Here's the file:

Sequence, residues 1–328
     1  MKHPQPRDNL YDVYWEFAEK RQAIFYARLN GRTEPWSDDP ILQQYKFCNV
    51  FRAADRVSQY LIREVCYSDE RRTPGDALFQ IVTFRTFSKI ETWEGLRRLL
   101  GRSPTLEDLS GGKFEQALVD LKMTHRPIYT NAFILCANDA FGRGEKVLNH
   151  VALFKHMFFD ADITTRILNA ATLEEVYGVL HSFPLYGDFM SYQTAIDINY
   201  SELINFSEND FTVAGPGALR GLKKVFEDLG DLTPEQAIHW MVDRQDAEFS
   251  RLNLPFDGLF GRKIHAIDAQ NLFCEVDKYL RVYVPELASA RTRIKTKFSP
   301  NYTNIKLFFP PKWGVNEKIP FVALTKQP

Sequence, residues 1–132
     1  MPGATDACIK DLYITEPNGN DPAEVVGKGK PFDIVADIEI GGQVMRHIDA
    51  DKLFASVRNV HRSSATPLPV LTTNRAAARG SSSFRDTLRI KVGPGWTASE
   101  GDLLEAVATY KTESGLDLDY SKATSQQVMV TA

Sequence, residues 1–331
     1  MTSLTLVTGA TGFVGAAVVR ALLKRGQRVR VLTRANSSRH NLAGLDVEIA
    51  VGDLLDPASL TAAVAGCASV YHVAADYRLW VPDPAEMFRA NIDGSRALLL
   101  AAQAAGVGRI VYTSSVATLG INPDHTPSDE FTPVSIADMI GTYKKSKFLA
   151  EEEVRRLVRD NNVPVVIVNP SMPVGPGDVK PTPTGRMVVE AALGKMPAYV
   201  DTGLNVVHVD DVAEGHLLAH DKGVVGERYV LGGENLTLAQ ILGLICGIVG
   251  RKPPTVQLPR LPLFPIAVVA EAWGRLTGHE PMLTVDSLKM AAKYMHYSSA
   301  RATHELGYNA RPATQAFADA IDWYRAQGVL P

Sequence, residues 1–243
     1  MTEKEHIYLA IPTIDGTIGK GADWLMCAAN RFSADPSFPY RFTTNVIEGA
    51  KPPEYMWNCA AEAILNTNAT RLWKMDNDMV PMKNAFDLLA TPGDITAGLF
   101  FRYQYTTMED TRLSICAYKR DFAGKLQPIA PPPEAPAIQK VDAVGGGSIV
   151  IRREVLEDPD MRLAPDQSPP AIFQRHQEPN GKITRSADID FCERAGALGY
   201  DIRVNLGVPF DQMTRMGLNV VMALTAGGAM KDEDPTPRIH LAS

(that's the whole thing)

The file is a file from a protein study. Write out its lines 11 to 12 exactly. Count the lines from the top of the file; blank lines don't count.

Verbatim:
    51  DKLFASVRNV HRSSATPLPV LTTNRAAARG SSSFRDTLRI KVGPGWTASE
   101  GDLLEAVATY KTESGLDLDY SKATSQQVMV TA